The system also recognizes additional sounds, which the user also writes about: the barking of a dog, the crying of a child, the sound of a guitar, a knock on a door, laughter, and so on. This part of the audio information is processed on the phone itself, and direct speech decryption works through the Internet.
One of the main creators of this application is Chet Gnegi. Often, Google employees develop projects to solve the problems of their colleagues. Gnegi saw me using services where people type the speech they hear for me and decided to help.
He created the first prototype application. It helped us work together and eventually grew into a separate Google project called Live Transcribe.
Another project I participate in is Euphonia. This application is for people with non-standard speech - those who have ALS, for deaf, stuttering, stroke survivors.
For this project, we again need many examples of non-standard speech. Only this time they can not be found even on YouTube. Such a speech is very individual, and a different approach is needed here for data collection.
I myself dictated the first 25 hours of recording. He preliminarily wrote the reports that he planned to speak with, and then recorded them on audio. So I trained the system. I could speak, and the audience saw a text transcript of my reports.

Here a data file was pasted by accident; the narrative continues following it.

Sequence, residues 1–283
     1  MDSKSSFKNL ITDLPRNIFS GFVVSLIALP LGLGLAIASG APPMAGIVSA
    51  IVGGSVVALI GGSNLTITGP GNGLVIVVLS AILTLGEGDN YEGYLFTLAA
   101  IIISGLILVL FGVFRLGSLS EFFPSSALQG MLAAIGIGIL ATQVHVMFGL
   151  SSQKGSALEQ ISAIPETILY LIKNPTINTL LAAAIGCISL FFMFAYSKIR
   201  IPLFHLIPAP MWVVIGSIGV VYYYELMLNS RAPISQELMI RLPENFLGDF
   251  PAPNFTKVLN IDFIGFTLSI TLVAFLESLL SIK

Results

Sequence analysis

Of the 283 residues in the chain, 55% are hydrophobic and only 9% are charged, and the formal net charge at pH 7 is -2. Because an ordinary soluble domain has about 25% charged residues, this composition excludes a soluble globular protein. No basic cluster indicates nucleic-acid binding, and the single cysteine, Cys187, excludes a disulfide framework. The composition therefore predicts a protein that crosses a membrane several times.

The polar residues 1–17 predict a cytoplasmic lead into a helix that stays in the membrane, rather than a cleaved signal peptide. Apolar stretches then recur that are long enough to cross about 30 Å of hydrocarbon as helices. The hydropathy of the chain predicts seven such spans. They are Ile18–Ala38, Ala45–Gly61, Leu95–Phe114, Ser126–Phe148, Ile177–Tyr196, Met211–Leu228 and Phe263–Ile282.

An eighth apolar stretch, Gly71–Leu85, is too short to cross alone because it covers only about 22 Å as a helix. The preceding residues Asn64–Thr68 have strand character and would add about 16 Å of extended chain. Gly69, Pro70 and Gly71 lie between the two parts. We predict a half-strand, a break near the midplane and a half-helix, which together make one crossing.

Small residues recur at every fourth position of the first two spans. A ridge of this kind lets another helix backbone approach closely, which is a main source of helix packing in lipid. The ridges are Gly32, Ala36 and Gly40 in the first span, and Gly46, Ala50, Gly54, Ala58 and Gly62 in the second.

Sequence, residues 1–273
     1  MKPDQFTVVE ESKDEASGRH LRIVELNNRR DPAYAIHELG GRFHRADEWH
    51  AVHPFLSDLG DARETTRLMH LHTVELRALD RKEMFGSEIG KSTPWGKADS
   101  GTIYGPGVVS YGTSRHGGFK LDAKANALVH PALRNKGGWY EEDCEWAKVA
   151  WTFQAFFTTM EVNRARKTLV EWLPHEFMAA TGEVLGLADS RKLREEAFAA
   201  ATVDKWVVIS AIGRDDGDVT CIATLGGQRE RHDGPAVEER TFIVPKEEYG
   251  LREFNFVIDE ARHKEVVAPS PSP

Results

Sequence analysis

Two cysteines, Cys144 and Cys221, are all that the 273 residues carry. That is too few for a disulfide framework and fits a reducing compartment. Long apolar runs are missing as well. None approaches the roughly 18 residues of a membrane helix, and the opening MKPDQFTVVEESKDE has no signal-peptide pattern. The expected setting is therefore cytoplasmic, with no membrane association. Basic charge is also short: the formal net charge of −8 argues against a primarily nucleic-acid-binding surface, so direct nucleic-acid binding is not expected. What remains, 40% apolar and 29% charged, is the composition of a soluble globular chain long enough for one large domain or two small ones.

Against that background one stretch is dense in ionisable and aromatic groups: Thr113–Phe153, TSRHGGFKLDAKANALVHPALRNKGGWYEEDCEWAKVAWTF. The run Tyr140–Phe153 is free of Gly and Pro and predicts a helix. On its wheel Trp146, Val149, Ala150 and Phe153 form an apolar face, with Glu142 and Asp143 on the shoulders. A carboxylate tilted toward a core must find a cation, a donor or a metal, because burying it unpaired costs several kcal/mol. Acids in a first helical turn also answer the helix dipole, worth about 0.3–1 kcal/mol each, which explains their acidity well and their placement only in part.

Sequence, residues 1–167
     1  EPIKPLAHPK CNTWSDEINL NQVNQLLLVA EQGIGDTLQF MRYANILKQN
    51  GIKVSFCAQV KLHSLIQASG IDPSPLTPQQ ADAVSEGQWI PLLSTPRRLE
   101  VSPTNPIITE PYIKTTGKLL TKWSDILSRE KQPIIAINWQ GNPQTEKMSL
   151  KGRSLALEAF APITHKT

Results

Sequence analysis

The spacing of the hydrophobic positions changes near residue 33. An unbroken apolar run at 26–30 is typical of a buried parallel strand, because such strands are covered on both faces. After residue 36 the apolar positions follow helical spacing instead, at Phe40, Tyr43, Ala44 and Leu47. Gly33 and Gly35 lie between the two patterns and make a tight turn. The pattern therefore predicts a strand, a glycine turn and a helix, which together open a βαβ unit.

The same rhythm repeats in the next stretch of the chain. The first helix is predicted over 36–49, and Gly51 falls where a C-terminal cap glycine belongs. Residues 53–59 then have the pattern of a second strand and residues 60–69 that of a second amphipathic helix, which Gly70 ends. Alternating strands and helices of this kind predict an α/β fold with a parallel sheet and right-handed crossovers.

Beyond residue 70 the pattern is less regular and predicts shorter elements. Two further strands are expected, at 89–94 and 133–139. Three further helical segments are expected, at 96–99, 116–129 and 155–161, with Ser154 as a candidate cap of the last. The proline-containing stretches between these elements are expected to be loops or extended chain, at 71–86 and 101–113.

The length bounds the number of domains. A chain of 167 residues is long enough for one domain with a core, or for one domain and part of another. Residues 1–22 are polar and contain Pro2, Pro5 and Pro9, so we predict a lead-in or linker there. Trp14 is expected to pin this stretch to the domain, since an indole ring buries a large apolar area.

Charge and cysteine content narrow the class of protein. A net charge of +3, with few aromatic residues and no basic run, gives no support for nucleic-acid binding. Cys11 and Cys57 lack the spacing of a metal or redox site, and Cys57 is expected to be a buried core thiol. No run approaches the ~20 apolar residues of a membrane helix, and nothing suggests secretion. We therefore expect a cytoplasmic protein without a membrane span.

With each new performance, the system understood and even better recognized new phrases. Now I don’t need to write reports in advance - the algorithm translates absolutely everything that I say into the text.
So it became clear that this approach works, and we began to invite people with special speeches to read and write the text too.
In the case of people with ALS, we started by giving them typical phrases that they say to interact with, for example, Google Home. They need to repeat 100 phrases in order to train the system for themselves. It’s hard for such people to talk and they get tired quickly, so we can’t expect a lot of notes from them.
Nevertheless, we gradually began to combine examples of speech of different people with this disease in order to create a universal system in the future. This is a slow process - there is too little data, and Euphonia is still a research project, not a finished product.
Euphonia does not require an internet connection, as is the case with Live Transcribe. Smartphones have small computing power, which is difficult to decrypt audio. However, the team managed to cope with this.
Many people are afraid that their data is processed via the Internet. If the user comes to the doctor, then both he and the doctor are worried that their dialogue will go to the remote servers. This is not here because Euphonia does not need a network connection.
Now we give a link where people with speech problems can register and leave examples of their speech. In some cases, Google tries to make an individual speech recognizer for them for free.
I am also working on a sign language recognition project. Here we work with visual information. This task is even more difficult than speech recognition. Now the development is at the initial stage.
In sign language, one gesture may not mean a single letter, but a whole phrase. And again we need to find a huge number of examples. On this project, we are collaborating with the University of Gallaudet. In the United States, this is the only institution of higher learning for the hearing-impaired and the deaf.
In addition, I returned to the idea of my device, which converted high frequencies to low. My colleagues are working on its new version, which is more modern, with the help of which it will be possible to transmit more information.